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Title: Co-opting community : an ethnographic study of Alpha's attempts to foster urban religious belonging
Author: McBey, David
ISNI:       0000 0004 6346 3838
Awarding Body: University of Aberdeen
Current Institution: University of Aberdeen
Date of Award: 2017
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Sociologists have been interested in how individuals in modern society are bound to each other since the inception of the discipline. The 'community question' has seen three broad paradigms in this time. The 'community lost' perspective argues that community belonging and modernity are incompatible. In contrast, 'community saved' research suggest that the nature of modernity has made the benefits of community more salient than ever. Finally, the 'community transformed' approach posits that community has metamorphosed to become more relevant to the modern world. This thesis seeks to explore the form that communities may take in contemporary urban settings, and investigate the processes that underlie their continuation. To this end, an ethnographic case study approach was employed to examine an organisation that appears to both offer and exploit community – Alpha. Alpha is an eleven-week catechetical course that seeks to integrate non-Christians into the Christian community. Identifying and employing three 'ideal type' categories of Alpha guests, I examine the methods that the organisation uses in its efforts to attract new members, keep them attending, and integrate them into the community of the church. I argue that Alpha offers three distinct forms of community, with each appealing to different ideal type guests. The first is a gateway to the larger community of the local congregation. The second is a low-commitment community-in-itself. Finally, Alpha represents a community that offers material benefits to members. Alpha suggests that communities can be successful in attracting members by creating hybridised, multifaceted forms of belonging but that fostering long-term commitment is more problematic. This supports the 'community transformed' position that argues that the forms of belonging that were dominant in pre- and early modernity are less salient today.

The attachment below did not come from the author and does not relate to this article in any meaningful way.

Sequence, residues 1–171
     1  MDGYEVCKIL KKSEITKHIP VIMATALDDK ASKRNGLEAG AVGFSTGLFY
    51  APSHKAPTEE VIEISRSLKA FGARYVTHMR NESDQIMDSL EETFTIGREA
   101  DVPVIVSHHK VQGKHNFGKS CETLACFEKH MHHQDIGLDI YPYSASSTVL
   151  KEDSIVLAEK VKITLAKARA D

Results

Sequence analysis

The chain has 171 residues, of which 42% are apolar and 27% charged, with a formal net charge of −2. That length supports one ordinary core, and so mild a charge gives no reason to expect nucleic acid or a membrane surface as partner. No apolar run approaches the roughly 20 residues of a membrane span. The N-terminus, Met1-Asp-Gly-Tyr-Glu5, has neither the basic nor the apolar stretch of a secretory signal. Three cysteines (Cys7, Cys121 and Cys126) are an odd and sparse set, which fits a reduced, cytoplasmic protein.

Supervisor: Not available Sponsor: Not available
Qualification Name: Thesis (Ph.D.) Qualification Level: Doctoral
EThOS ID:  DOI: Not available
Keywords: Alpha courses (Christian education) ; Communities ; Conversion